This article was originally published by Apologetics Press. It is quite timely as I have a running debate with another Christian regarding the age of creation.
by Eric Lyons, M.Min.
For thousands of years Genesis chapter one has been understood as the original creation of the Universe that took place in six normal, but majestic, days. Within the last two centuries, many have been conned into believing that the billions of years required for evolution must fit somewhere within the first chapter of the Bible. For numerous “Bible believers,” flawed evolutionary dating methods have become the tyrant of biblical interpretation. Therefore, we are told that God spent, not six literal days, but billions of years creating the Universe and everything in it. We frequently hear such statements as: “God is not bound by time;” “God could have taken as much time as He wanted while creating the Universe and everything in it;” and “Billions of years could have elapsed within Genesis 1.” To say that Creation did not last billions of years, supposedly, is to limit Almighty God.
Every Christian readily admits that God is not bound by time. He is the infinite, eternal, all-powerful, all-knowing Creator. He is “from everlasting to everlasting” (Psalm 90:2). The point, however, is not whether God is outside of time; the crux of the matter is: what has the all-authoritative, eternal Creator revealed to us about His Creation in His all-authoritative Word? God could have created the Universe in any way He so desired, in whatever order He wanted, and in whatever time frame He chose. He could have created the world and everything in it in six hours, six seconds, or in one millisecond—He is, after all, God Almighty (Genesis 17:1). But the pertinent question is not what God could have done; it is what He said He did. And He said that He created everything in six days (Genesis 1). Furthermore, when God gave the Israelites the Ten Commandments, He stated:
Remember the Sabbath day, to keep it holy. Six days you shall labor and do all your work, but the seventh day is the Sabbath of the Lord your God. In it you shall do no work: you, nor your son, nor your daughter, nor your male servant, nor your female servant, nor your cattle, nor your stranger who is within your gates. For in six days the Lord made the heavens and the earth, the sea, and all that is in them, and rested the seventh day. Therefore the Lord blessed the Sabbath day and hallowed it (Exodus 20:8-11, emp. added).
This Sabbath command can be understood properly only when the days of the week are interpreted as normal days.
The Creation of Man and the Age of the Earth
According to the theory of evolution, man is a newcomer to planet Earth, far removed from the origin of the Universe. If the Universe was born 14 billion years ago, as many evolutionists, theistic evolutionists, and progressive creationists believe, man did not “come along” until about 13.996 billion years later. If such time were represented by one 24-hour day, and the alleged Big Bang occurred at 12:00 a.m., then man did not arrive on the scene until 23:59:58 p.m. Man’s allotted time during one 24-hour day would represent a measly two seconds.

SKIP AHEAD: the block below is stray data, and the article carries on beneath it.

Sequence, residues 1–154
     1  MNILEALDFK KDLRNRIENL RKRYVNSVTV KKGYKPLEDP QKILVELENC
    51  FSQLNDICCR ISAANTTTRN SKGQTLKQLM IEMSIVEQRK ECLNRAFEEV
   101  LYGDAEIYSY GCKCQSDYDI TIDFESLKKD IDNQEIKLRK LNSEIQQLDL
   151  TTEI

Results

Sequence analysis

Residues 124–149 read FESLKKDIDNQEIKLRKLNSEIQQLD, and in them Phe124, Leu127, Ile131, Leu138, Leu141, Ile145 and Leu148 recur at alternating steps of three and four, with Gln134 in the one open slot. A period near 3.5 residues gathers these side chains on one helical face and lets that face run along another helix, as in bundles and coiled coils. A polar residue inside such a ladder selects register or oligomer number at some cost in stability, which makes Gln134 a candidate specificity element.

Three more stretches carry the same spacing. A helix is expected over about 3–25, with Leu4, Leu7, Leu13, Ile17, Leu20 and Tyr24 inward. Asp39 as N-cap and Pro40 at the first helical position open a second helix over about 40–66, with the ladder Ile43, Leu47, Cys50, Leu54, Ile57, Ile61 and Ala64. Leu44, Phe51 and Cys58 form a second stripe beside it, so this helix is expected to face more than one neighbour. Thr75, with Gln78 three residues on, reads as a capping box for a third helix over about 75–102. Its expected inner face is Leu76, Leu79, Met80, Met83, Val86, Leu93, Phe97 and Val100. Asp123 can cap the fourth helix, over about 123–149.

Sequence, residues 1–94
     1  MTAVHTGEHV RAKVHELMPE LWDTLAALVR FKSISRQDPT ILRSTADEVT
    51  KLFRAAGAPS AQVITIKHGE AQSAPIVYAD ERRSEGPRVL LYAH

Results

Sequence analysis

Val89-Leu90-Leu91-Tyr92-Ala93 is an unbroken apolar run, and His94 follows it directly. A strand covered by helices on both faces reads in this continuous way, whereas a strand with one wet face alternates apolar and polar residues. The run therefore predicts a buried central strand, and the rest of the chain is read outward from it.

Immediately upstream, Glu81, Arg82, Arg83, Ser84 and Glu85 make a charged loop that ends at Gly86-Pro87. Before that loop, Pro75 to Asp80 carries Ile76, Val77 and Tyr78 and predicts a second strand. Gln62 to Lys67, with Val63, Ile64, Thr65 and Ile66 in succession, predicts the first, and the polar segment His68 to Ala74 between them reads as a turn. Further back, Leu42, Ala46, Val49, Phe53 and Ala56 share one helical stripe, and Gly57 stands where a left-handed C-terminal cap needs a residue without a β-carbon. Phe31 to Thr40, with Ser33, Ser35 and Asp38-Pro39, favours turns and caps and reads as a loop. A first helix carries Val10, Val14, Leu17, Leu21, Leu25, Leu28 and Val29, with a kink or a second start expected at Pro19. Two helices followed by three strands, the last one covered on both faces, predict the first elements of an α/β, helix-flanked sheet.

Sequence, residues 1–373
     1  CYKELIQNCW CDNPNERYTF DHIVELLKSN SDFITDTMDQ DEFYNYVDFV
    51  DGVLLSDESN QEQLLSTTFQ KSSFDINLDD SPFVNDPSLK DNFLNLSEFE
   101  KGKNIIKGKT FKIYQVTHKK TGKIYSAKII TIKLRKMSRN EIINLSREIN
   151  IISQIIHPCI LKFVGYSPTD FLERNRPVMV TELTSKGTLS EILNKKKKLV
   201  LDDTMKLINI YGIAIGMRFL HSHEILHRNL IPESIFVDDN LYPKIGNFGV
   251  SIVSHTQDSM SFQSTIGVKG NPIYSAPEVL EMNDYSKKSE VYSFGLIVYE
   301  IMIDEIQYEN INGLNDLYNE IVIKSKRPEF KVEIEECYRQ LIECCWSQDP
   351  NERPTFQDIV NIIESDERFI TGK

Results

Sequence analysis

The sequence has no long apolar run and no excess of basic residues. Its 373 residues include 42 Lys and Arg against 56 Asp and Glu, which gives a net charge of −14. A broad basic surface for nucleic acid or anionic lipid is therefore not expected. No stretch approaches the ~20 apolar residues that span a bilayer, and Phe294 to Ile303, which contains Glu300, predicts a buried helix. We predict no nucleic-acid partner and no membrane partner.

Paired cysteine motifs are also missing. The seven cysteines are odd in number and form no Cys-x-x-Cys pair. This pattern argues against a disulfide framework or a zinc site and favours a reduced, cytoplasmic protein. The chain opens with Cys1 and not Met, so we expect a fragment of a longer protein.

If the Bible taught, either explicitly or implicitly, that man was so far removed from the origin of the Universe, Bible-believing Christians would have no reservations accepting the above-mentioned timeline. Just as a Christian believes that God parted the Red Sea (Exodus 14), made an iron ax head float on water (2 Kings 6:5), and raised Jesus from the dead (Matthew 28:1-8), he would accept that humans appeared on Earth billions of years after the beginning of Creation—if that was what the Bible taught. The problem for theistic evolutionists and progressive creationists is that God’s Word never hints at such a timeline. In fact, it does the very opposite.
The Bible makes a clear distinction between things that took place before “the foundation of the world” and events that occurred after the “foundation of the world.” Jesus prayed to the Father on the night of His arrest and betrayal, saying: “You loved Me before the foundation of the world” (John 17:24, emp. added). Peter revealed in his first epistle how Jesus “was foreknown before the foundation of the world, but was manifest in these last times for you” (1 Peter 1:20, emp. added). Paul informed the Christians in Ephesus how God “chose us in Him before the foundation of the world, that we should be holy and without blame before Him in love” (Ephesians 1:4, emp. added). Before “God created the heavens and the earth” (Genesis 1:1), He was alive and well.
If theistic evolutionists and progressive creationists are correct, then man arrived on the scene, not before the foundation of the world (obviously), nor soon after the foundation of the world, but eons later—13.996 billion years later to be “precise.” This theory, however, blatantly contradicts Scripture.